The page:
My worst Christmas (and how I realized it was still pretty great)
On Christmas morning in 2012, I found myself weeping alone on the side of the highway due to a slight miscalculation. My husband was deployed to Afghanistan for the second Christmas in a row, and I was spending the holiday with friends and family in Atlanta. I thought I had given myself plenty of time to get from my uncle’s house on the south side to a Church on the north side where a priest friend of mine was celebrating Christmas Mass. The problem was, I neglected the fact that my mother would want me to stop and take tons of pictures with everybody before I left. That was my mistake.
The notorious Atlanta traffic took the morning off for Christmas, and no one was on the massive highways except for this lonely Army wife trying to make it to Mass on time. I was flying through the ATL on I-75N, apparently going 20 miles over the speed limit (75 in a 55 zone) when… you guessed it! Sirens, lights, and a request for license and registration that concluded with a $250 dollar speeding ticket. My first speeding ticket, ever. And no husband shoulder to cry on.
Merry Christmas, me.
I made it in time to catch the second half of Mass, and proceeded on to my cousin’s house where we had no food. So our Christmas meals consisted of lunch at Golden Coral, and dinner at TGIFridays—two restaurants I never eat at on any other occasion, but the only two places we knew of that were open on Christmas. In between meals, we went to see Les Misérables in the movie theater, which turned out to be a touch more than my already fried emotions could take before going completely numb. I went to bed that night taking deep personal inventory, noting that this was the most somber and heavy I had ever felt on any Christmas, ever. And so glad that it was over.
As it turns out, life does not always pause to make room for Christmas bliss.
Today, Christmas 2016 finds us inside of another extraordinary circumstance as my husband transitions out of active military duty into medical retirement. Never again will he spend Christmas on deployment—which I am grateful for—but never again will he spend a single day without some amount of pain, which is a new reality we’re adjusting to. He’s in training for a new career in the IT field, and in the meantime, we’re staying with his parents until we get our existence sorted out once again. So now, it’s just us, his parents, our two-year-old son, TJ, and Nana—Josh’s octogenarian grandmother who is also living in this house as she is no longer able to live on her own. Four generations under one roof! The youngest and oldest have become best pals. And yes, my in-laws do deserve a medal of some sort.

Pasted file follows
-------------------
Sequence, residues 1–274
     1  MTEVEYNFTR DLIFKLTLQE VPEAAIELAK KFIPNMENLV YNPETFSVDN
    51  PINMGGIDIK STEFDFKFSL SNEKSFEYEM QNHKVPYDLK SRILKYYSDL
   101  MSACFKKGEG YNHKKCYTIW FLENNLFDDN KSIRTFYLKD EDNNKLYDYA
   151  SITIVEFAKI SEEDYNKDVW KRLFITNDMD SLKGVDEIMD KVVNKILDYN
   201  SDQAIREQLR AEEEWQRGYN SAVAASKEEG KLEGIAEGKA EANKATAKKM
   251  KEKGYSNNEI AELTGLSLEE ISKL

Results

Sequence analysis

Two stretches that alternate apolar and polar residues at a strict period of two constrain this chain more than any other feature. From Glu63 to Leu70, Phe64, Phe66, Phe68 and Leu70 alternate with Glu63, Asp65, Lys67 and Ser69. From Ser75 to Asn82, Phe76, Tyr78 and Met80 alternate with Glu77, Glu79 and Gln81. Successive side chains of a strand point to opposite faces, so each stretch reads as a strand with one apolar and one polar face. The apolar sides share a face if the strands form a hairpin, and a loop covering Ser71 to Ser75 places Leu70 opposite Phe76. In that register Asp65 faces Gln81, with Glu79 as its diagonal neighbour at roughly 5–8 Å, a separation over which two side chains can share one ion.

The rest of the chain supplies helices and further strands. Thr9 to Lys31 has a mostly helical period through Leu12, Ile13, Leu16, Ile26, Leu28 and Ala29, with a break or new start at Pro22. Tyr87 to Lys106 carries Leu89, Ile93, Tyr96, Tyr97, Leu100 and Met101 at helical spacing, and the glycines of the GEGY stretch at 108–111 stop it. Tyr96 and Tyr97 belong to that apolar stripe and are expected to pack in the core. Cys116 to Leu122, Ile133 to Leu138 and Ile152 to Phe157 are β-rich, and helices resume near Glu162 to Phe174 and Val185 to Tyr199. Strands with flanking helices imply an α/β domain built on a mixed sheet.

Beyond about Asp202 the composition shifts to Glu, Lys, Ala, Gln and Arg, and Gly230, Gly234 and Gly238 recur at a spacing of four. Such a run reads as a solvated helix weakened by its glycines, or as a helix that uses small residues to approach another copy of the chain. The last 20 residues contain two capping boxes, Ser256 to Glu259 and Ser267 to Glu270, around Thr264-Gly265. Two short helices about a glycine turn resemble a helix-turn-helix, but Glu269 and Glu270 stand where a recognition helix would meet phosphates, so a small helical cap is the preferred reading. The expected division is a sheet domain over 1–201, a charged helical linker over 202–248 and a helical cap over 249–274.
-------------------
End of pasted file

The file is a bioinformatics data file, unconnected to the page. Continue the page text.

As it turns out, life does not always pause to make room for Christmas bliss. There are some years when we can actually put all else on hold to try and create a perfect celebration, but there are also those years when merriment has to simply be what we can eek out between deep, cleansing breaths amid the realities and responsibilities we face. What I’ve learned between 2012 and now, though, is that these challenging Christmases are still beautiful, and perfect in their own way. About as beautiful and perfect as a barn for the birthplace of God Incarnate, I suppose.
Christ was born into a desolate world longing for His hope, and there was nothing perfect about any of it, except for the Virgin and Her Child. That is still true of Christmas today. So what better time to understand this significance than when we are in times of desolation ourselves? Just as Christmas comes in the dead of winter when the world is cold, barren and at its darkest, so are our lives until Jesus breaths our air, and with His presence, brings light, warmth and vitality into our situations.
As I write this, we’ve all just returned from spending most of Christmas morning at the hospital where Nana is battling pneumonia. She’s been there for several days, and every time TJ notices that she’s not waiting to greet him from her chair, he whispers, “Nana’s still sleeping!”
The washing machine and dishwasher both decided to break this week, so the laundry and dishes are piling up, waiting for Christmas to pass. But my mother-in-law is downstairs getting started on Christmas dinner, other relatives are trickling through the front door, several hastily-wrapped presents are waiting under the tree for when everyone who can make it does, and whatever Christmasy-ness we will be able to eek out this year, it will be as beautiful and perfect as any Christmas ever was or every could be. We very much know around here how much we desperately need Jesus, and today, we celebrate the fact that He came. In the midst of chaos and brokenness, a Child was born. And that Child is everything beautiful and perfect.